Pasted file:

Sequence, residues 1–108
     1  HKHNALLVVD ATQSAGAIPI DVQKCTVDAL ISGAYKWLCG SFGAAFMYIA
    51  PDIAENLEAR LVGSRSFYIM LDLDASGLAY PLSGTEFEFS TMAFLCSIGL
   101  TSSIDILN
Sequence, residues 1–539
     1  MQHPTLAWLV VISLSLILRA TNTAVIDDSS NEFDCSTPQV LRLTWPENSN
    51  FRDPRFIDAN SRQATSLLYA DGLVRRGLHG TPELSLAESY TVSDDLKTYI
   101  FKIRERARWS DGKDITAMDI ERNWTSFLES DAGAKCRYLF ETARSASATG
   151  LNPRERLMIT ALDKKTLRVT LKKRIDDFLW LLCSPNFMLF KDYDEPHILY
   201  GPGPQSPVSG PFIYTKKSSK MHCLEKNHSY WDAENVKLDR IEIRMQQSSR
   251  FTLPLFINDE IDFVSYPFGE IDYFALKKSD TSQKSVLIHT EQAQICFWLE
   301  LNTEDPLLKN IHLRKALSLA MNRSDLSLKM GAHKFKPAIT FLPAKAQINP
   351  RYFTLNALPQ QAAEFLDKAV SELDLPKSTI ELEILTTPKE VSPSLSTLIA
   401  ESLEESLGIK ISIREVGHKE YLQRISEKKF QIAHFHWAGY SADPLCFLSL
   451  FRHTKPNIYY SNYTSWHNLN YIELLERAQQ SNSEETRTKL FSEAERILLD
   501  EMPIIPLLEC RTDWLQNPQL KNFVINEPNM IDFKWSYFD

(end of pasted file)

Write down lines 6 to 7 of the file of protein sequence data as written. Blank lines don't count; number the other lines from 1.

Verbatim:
     1  MQHPTLAWLV VISLSLILRA TNTAVIDDSS NEFDCSTPQV LRLTWPENSN
    51  FRDPRFIDAN SRQATSLLYA DGLVRRGLHG TPELSLAESY TVSDDLKTYI